This is a reference request for the following "well-known" theorems in category theory:

There is an equivalence of categories between finitary monads on $\mathbf{Set}$ and finitary Lawvere theories (i.e. single-sorted finite product theories).

There is an equivalence of categories between monads on $\mathbf{Set}$ and infinitary Lawvere theories (i.e. singled-sorted product theories).

The category of models of a finitary/infinitary Lawvere theory is equivalent to the category of algebras of the corresponding monad.

I am not looking for proofs (I have written them up). I am looking for references *which actually give proofs*, so that I can cite them in a paper (instead of writing up the proof in the paper). Ideally, they should be classical references. I have scrolled through lots of papers which mention the theorems, and most of the time one (or several) of Linton's papers (let's give them letters) are cited:

**E.***Some aspects of equational theories*, Proceedings of the Conference on Categorical Algebra, Springer, 1966**F.***An outline of functorial semantics*, Seminar on triples and categorical homology theory, Springer, 1969**A.***Applied functorial semantics*, Seminar on triples and categorical homology theory, Springer, 1969

Sometimes, also the book "Toposes, Triples and Theories" by Barr & Wells is cited.

In **E** Linton only mentions 2) in the end of section 6, without proof. In fact, Linton proves a characterization theorem of the concrete categories of models of varietal theories (his name for infinitary Lawvere theories), via a version of the first isomorphism theorem, and he only mentions in passing that a combination with Beck's monadicity theorem yields the
equivalence to monads (but this detour is actually not necessary to get the equivalence; so this is not the simplest proof anyway).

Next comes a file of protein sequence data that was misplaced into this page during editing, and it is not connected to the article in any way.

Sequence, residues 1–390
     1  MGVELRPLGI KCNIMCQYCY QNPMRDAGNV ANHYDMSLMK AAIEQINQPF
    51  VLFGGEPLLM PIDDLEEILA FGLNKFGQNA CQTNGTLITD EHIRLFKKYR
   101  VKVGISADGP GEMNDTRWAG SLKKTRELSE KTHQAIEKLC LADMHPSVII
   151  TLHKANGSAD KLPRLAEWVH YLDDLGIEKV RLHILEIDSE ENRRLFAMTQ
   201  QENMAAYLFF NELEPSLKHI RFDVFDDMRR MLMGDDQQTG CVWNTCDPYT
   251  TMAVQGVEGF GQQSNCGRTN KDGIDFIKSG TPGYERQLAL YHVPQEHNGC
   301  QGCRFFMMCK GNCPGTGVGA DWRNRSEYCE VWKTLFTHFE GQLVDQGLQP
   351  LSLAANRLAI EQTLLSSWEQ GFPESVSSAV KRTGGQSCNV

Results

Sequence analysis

I do not understand much what is going on in **F** (I find it very hard to read, also because of the typesetting), but it seems to deal with a *much* more general situation, and therefore I don't see where 1) or 2) is proven either. This is funny because both in the introduction of the Lecture Notes and in the introduction of **A** it is claimed that Linton proves 2) in **F**. Can perhaps someone help me to "decipher" **F** and explain where 2) is actually proved? The only result which looks similar is Lemma 10.2, but its proof is omitted... Maybe 3) follows from Theorem 9.3, but I don't see how.

The paper **A** focusses on monadicity criterions, and just mentions 2) in the introduction.

I could not find a proof in the book by Barr-Wells either. They talk about the history of these theorems in section 4.5 and attribute 1) and 2) to Linton's **E** and **F**.

I have found references with proofs of more general versions of 1), for example in the enriched case (Nishizawa, Power, *Lawvere theories enriched over a general base*), but it is probably awkward to cite such a paper for a classical result. I haven't found a published proof of 2) so far. The only thing which comes very close to 2) and 3) is the nlab article on algebraic theories: https://ncatlab.org/nlab/show/algebraic+theory, but the proof is sketchy.